WATCH: Cecily Strong plugs her old Oak Park theater troupe in ‘SNL’ sketch

SHARE WATCH: Cecily Strong plugs her old Oak Park theater troupe in ‘SNL’ sketch

Cecily Strong of “Saturday Night Live.” | NBC

“Saturday Night Live” cast member Cecily Strong, a former child actress with the Village Players, slipped a mention of the Oak Park theater company into one of the show’s bits this weekend.

The final sketch of the night was a parody of testimonial commercials for the anti-smoking drug Chantix. Strong played Kelly, a customer fully satisfied with the product — until the announcer noted she was not an actress.

Well, not anymore, said Kelly, who then tried to pivot the ad into a showcase for her talents. “Chantix was different,” she said, “sort of like my take on Ophelia in the Village Players’ production of ‘Hamlet.’ ”

The voiceover announcer retorted, “But that was just community theater.”

Undeterred, the ex-actress went on to impersonate her grandmother “from the Old Country,” overemote a monologue and offer (while smoking again) to do nudity.

Strong grew up in Oak Park and started studying drama at 3. At 8 she played Ruthie Joad in a Village Players production of “The Grapes of Wrath,” the first of several roles she played with the troupe.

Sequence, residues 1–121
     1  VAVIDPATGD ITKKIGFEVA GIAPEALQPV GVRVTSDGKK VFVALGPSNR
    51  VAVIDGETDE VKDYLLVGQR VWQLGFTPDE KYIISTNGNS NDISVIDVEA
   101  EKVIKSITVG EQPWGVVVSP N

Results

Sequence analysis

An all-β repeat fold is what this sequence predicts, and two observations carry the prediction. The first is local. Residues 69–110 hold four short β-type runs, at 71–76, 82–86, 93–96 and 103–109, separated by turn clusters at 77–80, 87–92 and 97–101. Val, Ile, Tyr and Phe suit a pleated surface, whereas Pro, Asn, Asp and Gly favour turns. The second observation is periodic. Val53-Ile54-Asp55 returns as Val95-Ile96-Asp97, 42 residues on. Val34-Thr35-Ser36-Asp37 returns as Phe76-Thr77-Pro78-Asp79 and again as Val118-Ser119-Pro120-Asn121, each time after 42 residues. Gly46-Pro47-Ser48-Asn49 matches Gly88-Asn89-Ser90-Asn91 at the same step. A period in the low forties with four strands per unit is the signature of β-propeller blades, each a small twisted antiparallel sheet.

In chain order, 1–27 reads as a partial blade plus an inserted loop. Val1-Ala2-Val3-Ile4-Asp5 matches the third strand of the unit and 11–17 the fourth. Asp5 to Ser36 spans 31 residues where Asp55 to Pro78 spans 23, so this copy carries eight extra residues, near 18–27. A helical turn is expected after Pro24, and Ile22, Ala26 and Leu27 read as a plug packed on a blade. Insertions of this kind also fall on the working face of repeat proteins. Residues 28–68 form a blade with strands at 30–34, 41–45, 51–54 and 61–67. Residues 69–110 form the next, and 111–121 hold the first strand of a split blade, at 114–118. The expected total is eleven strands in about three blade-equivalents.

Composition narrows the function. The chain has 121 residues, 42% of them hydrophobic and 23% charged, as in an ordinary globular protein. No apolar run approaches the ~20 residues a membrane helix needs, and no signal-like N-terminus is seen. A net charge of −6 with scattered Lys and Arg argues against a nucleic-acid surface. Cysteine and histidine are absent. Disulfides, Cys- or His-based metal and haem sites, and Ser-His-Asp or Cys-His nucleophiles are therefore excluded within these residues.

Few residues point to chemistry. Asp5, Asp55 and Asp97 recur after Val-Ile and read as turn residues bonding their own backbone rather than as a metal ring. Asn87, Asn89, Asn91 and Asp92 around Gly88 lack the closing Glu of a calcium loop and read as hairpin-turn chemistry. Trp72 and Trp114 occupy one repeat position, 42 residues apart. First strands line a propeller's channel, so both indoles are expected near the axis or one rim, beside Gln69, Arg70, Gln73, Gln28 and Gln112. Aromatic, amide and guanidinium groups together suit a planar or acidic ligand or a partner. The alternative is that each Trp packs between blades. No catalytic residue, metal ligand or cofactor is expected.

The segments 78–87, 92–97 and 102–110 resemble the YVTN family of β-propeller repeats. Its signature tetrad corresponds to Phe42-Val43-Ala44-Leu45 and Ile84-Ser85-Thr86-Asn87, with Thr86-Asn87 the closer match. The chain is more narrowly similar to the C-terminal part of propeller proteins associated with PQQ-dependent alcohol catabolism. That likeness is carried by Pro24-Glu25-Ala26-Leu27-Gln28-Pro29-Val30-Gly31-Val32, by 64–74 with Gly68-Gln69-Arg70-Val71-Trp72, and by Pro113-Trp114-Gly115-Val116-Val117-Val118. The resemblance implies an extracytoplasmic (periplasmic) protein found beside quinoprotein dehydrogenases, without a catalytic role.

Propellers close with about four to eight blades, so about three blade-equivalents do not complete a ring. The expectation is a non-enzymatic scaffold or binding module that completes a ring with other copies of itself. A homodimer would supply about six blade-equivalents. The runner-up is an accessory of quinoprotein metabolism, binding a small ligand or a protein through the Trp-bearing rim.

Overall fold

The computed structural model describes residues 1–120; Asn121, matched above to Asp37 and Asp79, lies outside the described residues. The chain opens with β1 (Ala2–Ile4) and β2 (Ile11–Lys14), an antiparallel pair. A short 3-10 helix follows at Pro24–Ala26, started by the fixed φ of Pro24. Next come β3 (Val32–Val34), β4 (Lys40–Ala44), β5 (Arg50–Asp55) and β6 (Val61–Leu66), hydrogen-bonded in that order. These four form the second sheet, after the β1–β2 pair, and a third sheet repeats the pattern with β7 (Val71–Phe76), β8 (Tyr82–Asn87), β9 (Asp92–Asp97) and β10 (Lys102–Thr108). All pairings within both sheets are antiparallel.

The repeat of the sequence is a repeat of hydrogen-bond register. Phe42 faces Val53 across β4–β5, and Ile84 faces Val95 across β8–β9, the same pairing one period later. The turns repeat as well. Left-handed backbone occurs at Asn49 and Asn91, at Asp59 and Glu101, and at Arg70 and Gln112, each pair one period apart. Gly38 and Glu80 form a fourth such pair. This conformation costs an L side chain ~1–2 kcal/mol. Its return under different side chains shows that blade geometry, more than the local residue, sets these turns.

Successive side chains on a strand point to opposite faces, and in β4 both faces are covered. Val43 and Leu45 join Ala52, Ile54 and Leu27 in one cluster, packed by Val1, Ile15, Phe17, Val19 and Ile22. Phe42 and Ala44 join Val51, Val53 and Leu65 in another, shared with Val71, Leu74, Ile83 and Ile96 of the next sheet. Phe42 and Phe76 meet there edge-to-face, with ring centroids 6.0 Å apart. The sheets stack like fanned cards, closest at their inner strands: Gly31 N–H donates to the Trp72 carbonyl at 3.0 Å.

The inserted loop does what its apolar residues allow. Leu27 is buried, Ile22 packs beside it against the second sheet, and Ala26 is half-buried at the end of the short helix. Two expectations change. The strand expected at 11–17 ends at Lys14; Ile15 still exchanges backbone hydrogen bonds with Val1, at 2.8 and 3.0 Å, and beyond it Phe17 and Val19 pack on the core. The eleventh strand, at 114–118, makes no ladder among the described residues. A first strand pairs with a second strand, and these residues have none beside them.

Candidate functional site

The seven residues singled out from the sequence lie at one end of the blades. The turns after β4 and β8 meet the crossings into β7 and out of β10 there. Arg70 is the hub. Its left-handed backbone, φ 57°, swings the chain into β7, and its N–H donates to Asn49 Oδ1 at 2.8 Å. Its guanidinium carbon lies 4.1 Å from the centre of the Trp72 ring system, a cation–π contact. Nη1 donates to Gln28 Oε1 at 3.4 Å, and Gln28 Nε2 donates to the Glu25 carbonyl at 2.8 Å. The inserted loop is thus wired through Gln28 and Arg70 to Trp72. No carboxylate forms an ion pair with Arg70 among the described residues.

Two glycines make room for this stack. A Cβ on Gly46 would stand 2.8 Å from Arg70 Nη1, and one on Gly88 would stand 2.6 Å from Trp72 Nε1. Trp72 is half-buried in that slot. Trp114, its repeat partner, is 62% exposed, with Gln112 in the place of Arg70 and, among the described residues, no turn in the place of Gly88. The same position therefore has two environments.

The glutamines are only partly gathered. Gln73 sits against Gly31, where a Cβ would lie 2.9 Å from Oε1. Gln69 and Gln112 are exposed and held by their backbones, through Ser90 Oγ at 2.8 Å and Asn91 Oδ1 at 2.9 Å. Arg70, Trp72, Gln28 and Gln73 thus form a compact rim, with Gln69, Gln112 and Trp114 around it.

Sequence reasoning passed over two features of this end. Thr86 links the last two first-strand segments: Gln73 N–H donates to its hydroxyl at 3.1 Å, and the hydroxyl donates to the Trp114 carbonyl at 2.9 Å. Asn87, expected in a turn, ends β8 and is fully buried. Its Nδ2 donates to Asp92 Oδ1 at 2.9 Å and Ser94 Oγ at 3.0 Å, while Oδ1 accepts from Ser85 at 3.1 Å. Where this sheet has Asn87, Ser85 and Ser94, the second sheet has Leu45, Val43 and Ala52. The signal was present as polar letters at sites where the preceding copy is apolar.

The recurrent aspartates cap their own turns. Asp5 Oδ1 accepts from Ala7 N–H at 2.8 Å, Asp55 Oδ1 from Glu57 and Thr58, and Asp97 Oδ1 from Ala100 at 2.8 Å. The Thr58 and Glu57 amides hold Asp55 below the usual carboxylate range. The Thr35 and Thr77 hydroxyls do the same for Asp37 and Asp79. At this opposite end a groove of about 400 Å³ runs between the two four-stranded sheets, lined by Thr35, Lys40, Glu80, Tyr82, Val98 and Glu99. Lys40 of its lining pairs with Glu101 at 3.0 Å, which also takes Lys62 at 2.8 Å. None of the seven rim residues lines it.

“I did a bunch with Village Players for a while,” she told the Oak Parker in 2016. “I still have — my grandma made me a scrapbook, she used to keep all my programs and things — so I have a lot of old Village Players programs and pictures.”

The Latest
Retiring incumbent Jesse White is widely regarded as having used his position to help libraries, readers, writers and lifelong learners.
The results of a long Fourth of July weekend and summer weather leads this sprawling raw-file Midwest Fishing Report.
Paul Crimo said he had no inkling his nephew, Bobby Crimo, was planning a mass shooting — as police allege.
The Bipartisan Safer Communities Act, among other things, enhances background checks for gun buyers age 18 to 21. and encourages states to enact “red flag” laws that can allow firearms to be temporarily confiscated from people deemed dangerous.
Here’s a look at photos taken by Sun-Times photographers following the Fourth of July mass shooting in Highland Park.